Benedictine Paulinzella Monastery cleaned during restoration works
Kärcher gently cleaned the 1.000 year old sandstone facade of Paulinzella Monastery as part of its cultural sponsoring programme.
The South tower was gently freed from biological growth and gypsum crusts
Stubborn gypsum crusts were removed from the sandstone facade with a microparticle blasting machine and blasting abrasive aluminum silicate.
Algae and lichens were cleared away with two hot water high-pressure cleaners in steam mode.
Cleaning in steam mode
The ruin of Benedictine Paulinzella Monastery ranks among the major Romanesque church buildings of Central Germany. As part of the restoration of the South tower, it was gently freed from biological growth and gypsum crusts by a Kärcher cleaning expert. A cleaning concept was developed before the start of the restorative cleaning, to make sure the delicate and already weather-beaten sandstone wasn’t damaged.
To begin with, the algae and lichens were gently cleared away with two hot water high-pressure cleaners of the types HDS 12/18-4 S and HDS 13/20-4 S in steam mode. Afterwards, the stubborn gypsum crusts were removed from the sandstone facade with a microparticle blasting machine and blasting abrasive aluminum silicate (particle size of 0.04 – 0.08mm). Vapor diffusion was improved as a result, allowing the sandstone to breathe again. This can prevent damage to the building structure in future.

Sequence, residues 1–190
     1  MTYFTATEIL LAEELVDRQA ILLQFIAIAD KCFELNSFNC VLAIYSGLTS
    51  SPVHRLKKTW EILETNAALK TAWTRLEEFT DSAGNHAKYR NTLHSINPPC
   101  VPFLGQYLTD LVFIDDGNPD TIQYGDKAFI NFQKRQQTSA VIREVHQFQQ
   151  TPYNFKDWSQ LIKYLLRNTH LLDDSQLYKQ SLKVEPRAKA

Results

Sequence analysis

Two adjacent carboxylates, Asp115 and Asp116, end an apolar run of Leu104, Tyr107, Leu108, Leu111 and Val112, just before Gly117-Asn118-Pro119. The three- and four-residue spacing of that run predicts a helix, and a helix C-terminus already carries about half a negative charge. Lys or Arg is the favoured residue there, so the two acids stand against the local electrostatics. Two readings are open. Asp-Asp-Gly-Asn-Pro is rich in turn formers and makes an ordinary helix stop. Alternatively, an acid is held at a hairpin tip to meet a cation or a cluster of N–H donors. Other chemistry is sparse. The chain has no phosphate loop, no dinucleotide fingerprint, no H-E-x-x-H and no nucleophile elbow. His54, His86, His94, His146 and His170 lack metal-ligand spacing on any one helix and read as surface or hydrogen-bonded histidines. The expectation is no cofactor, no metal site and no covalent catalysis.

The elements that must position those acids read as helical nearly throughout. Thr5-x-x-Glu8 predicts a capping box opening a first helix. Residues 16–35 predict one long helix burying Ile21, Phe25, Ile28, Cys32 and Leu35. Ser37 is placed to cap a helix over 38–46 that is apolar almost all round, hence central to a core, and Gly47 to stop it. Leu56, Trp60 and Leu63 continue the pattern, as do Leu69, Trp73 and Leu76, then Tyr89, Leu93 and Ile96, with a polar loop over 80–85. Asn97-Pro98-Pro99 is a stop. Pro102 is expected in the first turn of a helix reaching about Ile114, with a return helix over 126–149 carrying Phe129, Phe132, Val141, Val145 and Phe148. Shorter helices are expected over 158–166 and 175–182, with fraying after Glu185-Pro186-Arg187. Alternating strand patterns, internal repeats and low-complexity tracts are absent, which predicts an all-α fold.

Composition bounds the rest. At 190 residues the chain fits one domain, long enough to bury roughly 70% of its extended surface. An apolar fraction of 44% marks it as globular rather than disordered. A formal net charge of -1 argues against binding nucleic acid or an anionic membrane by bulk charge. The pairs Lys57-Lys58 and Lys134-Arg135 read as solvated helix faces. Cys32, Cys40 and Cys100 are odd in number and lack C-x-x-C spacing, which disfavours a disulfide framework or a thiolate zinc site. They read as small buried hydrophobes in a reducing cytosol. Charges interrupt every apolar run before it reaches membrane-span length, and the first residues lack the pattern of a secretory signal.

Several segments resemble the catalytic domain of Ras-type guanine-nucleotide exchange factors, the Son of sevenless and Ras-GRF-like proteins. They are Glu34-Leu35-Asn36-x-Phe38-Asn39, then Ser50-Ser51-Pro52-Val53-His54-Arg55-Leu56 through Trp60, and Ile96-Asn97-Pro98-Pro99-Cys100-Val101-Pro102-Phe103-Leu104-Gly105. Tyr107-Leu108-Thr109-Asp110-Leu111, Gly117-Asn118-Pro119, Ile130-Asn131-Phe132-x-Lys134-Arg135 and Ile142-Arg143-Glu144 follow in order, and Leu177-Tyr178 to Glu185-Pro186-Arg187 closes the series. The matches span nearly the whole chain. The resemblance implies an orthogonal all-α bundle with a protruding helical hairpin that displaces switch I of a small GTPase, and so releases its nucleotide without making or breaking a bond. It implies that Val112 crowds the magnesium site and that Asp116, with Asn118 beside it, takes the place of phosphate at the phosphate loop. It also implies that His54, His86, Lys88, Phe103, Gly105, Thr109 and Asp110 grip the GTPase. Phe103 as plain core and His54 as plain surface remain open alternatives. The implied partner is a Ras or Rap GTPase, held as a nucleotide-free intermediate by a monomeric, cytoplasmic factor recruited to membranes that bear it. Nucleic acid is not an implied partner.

Construction of the monastery church began in 1105, and it was consecrated in the year 1124. The monastery was founded by Saxon noblewoman Paulina (1067-1107) and is in the possession of the Thuringian Castles and Gardens Foundation today.
Facts at a glance
Soiling: Biological growth, gipsum crusts
Cleaning technique: Hot water high-pressure cleaning, low-pressure microparticle blasting
Execution: August 2018